I just wanted to add one thing. International comparison is important. If I go, for example, to Business France, which is the inward investment agency for France, so the counterpart, I see an alert message at the very top of the page saying, “Covid-19. We’re here for you, for our investors. We’re helping you”. If I click on a button for investing in France, I immediately get a page listing Covid-19 support measures directly for inward investors with a drop-down menu of frequently asked questions and all the support. I think it would be great if the UK would consider something similar and work on their messaging as much as the actual support.
Mark Menzies: That is a great recommendation, really good. Thanks very much.
Chair: It is not really a difficult thing to do because you just have to go and click in the French pages and see what they have done. The wheel has been invented.
Q201 Craig Williams: I wonder whether I could focus particularly on FDI and more on the screening and national security angle. Several countries around the world are putting in more protective measures. I do preface this question with: we are very happy in the middle of Wales with a lot of FDI and we encourage it but, equally, the countries that are putting these controls in—I wonder whether I could go to James first and have your views on those measures and how desirable seeing these measures around the world are.
Dr Zhan: Thank you for the question. This is an extremely challenging question, and we have seen that quite a number of Governments, especially from advanced countries, have put in place new screening procedures for foreign direct investment. This is for the concern of national security and public health also at this time of the pandemic. In fact, they use different methods to do that.
It is understandable because at this stage the asset price is very low, and it becomes an opportunity for investors, both serious opportunities that some countries are putting in place. They are also afraid of losing the “strategic assets”, in particular technology and R&D facilities, and they think this is the competitive advantage of the country. It is understandable. The issue is how to define it, define those industries or the facilities that are considered to be the national security or strategic assets, so to speak, including strategic infrastructure. These are very important considerations.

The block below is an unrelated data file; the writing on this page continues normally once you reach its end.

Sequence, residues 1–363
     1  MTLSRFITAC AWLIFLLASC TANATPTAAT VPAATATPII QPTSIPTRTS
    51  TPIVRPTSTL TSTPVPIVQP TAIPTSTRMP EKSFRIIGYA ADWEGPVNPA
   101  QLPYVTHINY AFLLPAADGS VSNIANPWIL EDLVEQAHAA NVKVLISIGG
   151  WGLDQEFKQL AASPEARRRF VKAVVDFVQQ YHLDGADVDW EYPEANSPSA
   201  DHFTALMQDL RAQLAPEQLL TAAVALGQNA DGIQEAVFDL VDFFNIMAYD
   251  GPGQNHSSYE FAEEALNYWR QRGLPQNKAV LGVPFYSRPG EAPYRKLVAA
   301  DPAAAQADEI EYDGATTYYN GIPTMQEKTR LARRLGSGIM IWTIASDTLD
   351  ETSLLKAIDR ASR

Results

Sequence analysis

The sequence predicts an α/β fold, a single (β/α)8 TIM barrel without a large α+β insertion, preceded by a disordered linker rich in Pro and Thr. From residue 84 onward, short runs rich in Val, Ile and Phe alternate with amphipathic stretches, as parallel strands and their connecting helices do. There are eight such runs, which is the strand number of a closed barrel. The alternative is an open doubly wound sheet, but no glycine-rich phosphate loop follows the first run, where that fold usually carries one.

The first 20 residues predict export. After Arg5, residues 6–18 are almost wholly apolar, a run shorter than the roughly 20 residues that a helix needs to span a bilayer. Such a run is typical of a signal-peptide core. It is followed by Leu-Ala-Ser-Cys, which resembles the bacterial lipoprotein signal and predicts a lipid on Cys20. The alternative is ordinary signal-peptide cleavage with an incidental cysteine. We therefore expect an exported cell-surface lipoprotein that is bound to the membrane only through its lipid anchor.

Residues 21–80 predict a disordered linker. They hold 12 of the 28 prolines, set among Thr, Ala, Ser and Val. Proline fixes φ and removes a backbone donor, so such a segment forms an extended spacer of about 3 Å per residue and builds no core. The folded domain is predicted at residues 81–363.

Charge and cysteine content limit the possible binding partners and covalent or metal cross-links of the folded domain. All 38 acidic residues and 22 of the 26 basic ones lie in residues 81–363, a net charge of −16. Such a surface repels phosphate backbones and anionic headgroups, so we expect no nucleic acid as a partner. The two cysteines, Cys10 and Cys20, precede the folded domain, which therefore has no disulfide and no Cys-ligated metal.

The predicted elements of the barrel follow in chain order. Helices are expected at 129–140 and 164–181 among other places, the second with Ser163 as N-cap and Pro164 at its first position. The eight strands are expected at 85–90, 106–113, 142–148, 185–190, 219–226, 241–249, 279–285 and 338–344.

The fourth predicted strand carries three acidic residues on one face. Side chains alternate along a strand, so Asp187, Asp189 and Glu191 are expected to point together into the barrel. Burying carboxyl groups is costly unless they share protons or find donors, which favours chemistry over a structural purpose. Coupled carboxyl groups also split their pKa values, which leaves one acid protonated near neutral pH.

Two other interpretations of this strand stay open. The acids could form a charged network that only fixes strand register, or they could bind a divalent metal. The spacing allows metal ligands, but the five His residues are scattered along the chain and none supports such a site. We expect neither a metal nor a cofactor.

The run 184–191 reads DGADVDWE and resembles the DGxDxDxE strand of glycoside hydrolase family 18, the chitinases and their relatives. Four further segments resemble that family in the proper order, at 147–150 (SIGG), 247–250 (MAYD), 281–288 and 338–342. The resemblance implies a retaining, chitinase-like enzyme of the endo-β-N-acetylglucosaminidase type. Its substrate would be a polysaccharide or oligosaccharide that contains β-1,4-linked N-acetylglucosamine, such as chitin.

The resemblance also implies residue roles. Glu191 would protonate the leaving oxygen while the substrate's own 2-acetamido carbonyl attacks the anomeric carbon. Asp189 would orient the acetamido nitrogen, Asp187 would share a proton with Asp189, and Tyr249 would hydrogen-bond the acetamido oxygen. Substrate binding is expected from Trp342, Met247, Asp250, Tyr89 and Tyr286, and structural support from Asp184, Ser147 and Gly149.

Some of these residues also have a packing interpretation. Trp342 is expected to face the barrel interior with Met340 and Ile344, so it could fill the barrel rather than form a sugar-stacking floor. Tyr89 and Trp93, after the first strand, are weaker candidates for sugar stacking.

The second is what type of mode of entry the foreign investors are getting in and whether they really come in to have overall control of the firm or they are just injecting capital and have an investment interest in that. Also, over the years, what is their longer-term objective? Some of them really want to acquire and then move back home the facilities or strategic assets, or they really just want to have it in the host country for longer-term development and even for strategic partnership for technology developments. It all depends. For Government, it is a matter of how to carefully do this and also keep the economy open for other types of investment that the country needs, and also the further opportunity of strategic partnership, which is very important in the R&D and technology areas.
Q202 Craig Williams: I wonder, before we bring Courtney in, whether I could tease a little bit more out of you, James, and then go straight to Courtney with this question. Currently, we have the Enterprise Act from 2002 and the Queen’s Speech. We have the national security and investment Bill coming forward. We already have powers. What is the role of state actors in FDI around the world, and is that driving some of the protectionary measures?
Courtney, in terms of the Bill that will be coming forward, what would you like to see, or do you have any general comments on this particular problem?
Dr Zhan: I missed the wording. You said the state?
Craig Williams: State actors in terms of FDI, so as well as private agencies.
Dr Zhan: State actors in FDI are more about creating the enabling framework to regulate. We see how Governments create a stable, predictable and transparent investment climate for investors to come in, and also the state has a role to ensure that investment, once it gets into the country, contributes to sustainable development of the country. That is very important. That is why we see that Governments play a role in the regulation.
Basically, it is a balance of the rights and obligations between firms and the states in this enabling framework or environment, on the one hand to provide the protection and facilitation to foreign investors, and on the other hand that the Government should have the flexibility and the right to regulate, flexibility in times of crisis like this, that they are able to put in measures on that. That has serious implications in international investment treaties, as the UK has quite a number of them.
Chair: Can we hear from Laura Bannister at some stage in this, as well?
Craig Williams: Yes, sorry.
Courtney Fingar: Yes, thank you. I will be brief, in that case. In general, the reform—[Inaudible.]
Q203 Chair: That was very brief. Laura, I think we had cued you in and had you ready for this, maybe.
Laura Bannister: I think I am here to talk about some slightly different issues to do with investment policy that have not been brought up yet. The really key issue that we wanted to bring to the table is the question of investor state dispute settlement. The Covid-19 crisis puts us enormously at risk of a slew of cases that come through the ISDS mechanism.